Blue’s days were taken up with college, helping on her parents’ llama farm, and daily jogs to Granny’s to do a few chores and have a chat over a cup of tea. Pretty standard. That was, until a terrible plague hit the land. Overnight, Blue’s classes were cancelled, and Granny was instructed to stay at home with immediate effect for her own protection.

‘I know it’s rough,’ said Granny when they video-called a few days later.

‘Rough?’ exclaimed Blue. ‘Understatement of the century! What will you do?’

‘I don’t know.’ Granny sighed. Her tablet slipped down her lap, giving Blue an excellent view up Granny’s nose. ‘G.D.S. said they’d help, but so far I haven’t even had any food.’

‘The Goblin Delivery Service? Oh Granny, you know better than to rely on them!’

‘Well I don’t have much choice, do I?’ scolded Granny, and then she sighed again. ‘I’m sorry Blue, I’m just a bit … well … fumbleglasted with the whole situation!’

Blue gasped. She’d never heard her granny swear before. She told Granny she’d sort something out.

‘Don’t go getting into trouble.’ Granny sniffed and cuddled down into her brown dressing gown.

‘Would I do that?’

‘Have those sores on your hands healed yet?’

Photo by Pixabay on

‘Granny!’ Blue rubbed at her palms. ‘Honestly, litter picking is completely inhumane. I was in so much pain.’

‘I’m sure that girl from your college class was too.’

‘I keep telling you, if she didn’t want me to punch her then she shouldn’t have wound me up.’

‘And I keep telling you, you don’t go around punching people.’

After she’d finished on the video call, Blue went down to the kitchen and found an old picnic basket. Apples, bread, chocolate cookies … she piled it high and slipped in a bottle of wine out of the pantry.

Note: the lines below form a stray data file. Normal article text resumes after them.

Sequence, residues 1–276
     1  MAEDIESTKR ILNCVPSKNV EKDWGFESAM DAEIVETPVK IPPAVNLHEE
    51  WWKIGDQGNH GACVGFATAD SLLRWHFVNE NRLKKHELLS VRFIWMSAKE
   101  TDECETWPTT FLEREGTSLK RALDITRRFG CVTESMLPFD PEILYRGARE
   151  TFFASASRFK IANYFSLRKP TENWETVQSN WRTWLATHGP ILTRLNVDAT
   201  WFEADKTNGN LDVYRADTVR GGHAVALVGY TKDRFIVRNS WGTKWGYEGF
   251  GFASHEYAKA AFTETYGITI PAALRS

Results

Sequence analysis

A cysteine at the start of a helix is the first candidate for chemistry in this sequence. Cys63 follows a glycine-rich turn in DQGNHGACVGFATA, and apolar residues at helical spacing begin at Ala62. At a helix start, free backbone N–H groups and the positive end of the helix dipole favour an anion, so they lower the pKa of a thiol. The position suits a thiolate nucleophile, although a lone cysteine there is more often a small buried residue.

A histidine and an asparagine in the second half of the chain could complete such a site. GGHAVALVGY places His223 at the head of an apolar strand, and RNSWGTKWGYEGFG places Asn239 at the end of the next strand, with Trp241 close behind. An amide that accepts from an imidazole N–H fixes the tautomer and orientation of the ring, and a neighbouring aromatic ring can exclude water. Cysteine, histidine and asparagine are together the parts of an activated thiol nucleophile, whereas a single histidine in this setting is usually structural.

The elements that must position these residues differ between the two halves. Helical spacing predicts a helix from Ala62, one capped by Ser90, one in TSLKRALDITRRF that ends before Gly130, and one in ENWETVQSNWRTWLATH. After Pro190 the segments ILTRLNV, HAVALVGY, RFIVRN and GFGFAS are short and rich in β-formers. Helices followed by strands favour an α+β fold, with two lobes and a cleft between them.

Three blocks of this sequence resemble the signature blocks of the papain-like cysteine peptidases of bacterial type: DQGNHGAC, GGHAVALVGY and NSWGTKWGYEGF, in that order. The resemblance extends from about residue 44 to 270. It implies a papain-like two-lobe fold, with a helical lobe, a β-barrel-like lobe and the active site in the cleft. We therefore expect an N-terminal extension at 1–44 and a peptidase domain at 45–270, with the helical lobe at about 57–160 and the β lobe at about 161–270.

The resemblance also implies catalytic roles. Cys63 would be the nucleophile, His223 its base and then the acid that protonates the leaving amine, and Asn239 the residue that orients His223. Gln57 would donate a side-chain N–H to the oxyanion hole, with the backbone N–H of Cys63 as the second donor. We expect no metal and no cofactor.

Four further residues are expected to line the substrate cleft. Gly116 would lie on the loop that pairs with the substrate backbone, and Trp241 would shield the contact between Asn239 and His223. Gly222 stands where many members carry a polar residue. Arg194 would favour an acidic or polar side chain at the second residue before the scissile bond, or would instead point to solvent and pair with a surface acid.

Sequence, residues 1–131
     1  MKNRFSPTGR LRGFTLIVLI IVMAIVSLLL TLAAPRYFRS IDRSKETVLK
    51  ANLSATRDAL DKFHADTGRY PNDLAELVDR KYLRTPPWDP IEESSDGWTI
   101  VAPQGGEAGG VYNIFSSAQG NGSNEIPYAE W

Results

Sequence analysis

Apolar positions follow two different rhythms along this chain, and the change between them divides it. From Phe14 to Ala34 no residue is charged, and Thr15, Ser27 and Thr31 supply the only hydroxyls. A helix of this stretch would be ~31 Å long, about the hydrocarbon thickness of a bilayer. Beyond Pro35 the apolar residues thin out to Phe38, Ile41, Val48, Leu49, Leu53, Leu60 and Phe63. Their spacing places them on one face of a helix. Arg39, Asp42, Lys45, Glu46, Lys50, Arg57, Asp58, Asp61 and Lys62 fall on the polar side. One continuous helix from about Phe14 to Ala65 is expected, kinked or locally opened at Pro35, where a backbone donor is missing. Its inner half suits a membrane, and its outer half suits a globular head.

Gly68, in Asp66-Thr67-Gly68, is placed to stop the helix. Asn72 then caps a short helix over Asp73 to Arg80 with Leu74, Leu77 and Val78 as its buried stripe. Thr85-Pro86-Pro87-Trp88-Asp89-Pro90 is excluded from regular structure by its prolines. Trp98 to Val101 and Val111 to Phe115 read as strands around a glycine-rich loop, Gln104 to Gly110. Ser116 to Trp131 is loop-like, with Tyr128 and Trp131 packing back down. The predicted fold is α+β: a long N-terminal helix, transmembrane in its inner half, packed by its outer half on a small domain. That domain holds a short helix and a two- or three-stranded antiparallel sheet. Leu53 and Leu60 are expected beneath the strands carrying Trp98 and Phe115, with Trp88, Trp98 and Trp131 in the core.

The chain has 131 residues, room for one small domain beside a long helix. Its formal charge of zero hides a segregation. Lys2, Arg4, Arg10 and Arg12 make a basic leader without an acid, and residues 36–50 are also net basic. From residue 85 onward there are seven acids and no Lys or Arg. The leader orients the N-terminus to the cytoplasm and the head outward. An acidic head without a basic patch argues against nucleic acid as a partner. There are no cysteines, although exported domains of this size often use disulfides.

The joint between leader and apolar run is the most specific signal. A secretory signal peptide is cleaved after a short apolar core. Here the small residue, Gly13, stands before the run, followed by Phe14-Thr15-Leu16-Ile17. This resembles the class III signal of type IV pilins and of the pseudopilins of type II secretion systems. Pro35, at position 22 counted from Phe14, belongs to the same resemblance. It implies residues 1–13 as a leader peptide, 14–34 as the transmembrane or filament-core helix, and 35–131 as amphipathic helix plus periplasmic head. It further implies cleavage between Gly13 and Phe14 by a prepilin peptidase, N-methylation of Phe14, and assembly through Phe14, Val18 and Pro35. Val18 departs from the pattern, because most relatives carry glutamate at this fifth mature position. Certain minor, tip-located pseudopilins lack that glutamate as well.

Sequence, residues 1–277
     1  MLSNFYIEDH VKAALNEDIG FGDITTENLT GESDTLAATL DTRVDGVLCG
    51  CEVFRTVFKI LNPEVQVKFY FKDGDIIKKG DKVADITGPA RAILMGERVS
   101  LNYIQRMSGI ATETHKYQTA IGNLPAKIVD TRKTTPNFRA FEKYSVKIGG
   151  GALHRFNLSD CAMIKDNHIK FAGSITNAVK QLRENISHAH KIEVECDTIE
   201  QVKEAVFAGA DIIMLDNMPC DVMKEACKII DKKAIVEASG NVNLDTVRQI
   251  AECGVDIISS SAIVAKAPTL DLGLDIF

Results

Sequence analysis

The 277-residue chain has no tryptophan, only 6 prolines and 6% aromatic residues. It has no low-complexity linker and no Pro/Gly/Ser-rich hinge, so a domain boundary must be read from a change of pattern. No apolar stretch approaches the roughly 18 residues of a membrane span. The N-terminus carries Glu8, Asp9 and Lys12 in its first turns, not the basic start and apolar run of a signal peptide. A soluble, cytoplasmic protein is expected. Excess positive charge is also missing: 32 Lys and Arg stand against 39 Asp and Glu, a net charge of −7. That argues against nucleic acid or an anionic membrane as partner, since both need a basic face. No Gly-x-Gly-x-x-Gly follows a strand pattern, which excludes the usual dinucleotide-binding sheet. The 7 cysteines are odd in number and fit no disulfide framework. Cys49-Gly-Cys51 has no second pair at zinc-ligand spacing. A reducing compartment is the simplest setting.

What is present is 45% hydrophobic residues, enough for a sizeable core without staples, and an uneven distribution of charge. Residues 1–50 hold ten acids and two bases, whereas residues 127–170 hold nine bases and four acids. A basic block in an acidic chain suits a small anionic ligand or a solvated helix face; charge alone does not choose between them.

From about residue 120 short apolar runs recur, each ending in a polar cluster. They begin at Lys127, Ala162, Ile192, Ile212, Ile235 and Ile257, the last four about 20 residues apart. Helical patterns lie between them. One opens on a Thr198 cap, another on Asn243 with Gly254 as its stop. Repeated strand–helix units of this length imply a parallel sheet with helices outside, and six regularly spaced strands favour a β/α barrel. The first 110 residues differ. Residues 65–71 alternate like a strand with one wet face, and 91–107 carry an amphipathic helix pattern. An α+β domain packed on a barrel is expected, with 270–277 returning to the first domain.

‘Don’t you dare take the long way to Granny’s,’ shouted Mum. ‘I don’t need you coming face to face with that poor girl again.’

Blue jammed her headphones in and strode off into the wood. Why did Mum make such a fuss? Blue had no intentions of meeting that “poor girl” again. She didn’t want to end up back on community service, or worse. She was deep in thought, rubbing at her scabby hands, when someone tapped her shoulder.

‘Sorry, can I …’ she began as took out her headphones and turned around to find herself face to face with a wolf.

‘Good morning, my dear,’ he said. He looked as if he was trying to smile, but all it did was show off his perfectly white teeth. He laid his paw on her shoulder. ‘How lovely to …’

‘AAA!’ Blue screamed as she punched the wolf square in the jaw.

‘Ouch! You horrible girl! You’ve broken my jaw.’ A low growl erupted from his stomach as he lunged towards her.

‘Stranger danger! Stranger danger!’ yelled Blue as she punched him again, and then once more for good measure. She took off through the wood with the wolf following right behind her. Leaping over tree branches and loose stones, she sprinted as fast as her sapphire sneakers would take her, and she didn’t stop until she reached Granny’s house. She burst in, slammed the door behind her, and stood gasping for breath.

‘Blue? What’s wrong?’ cried Granny, and then she noticed Blue’s bleeding knuckles. ‘Oh, Blue. What did I say about getting into trouble?’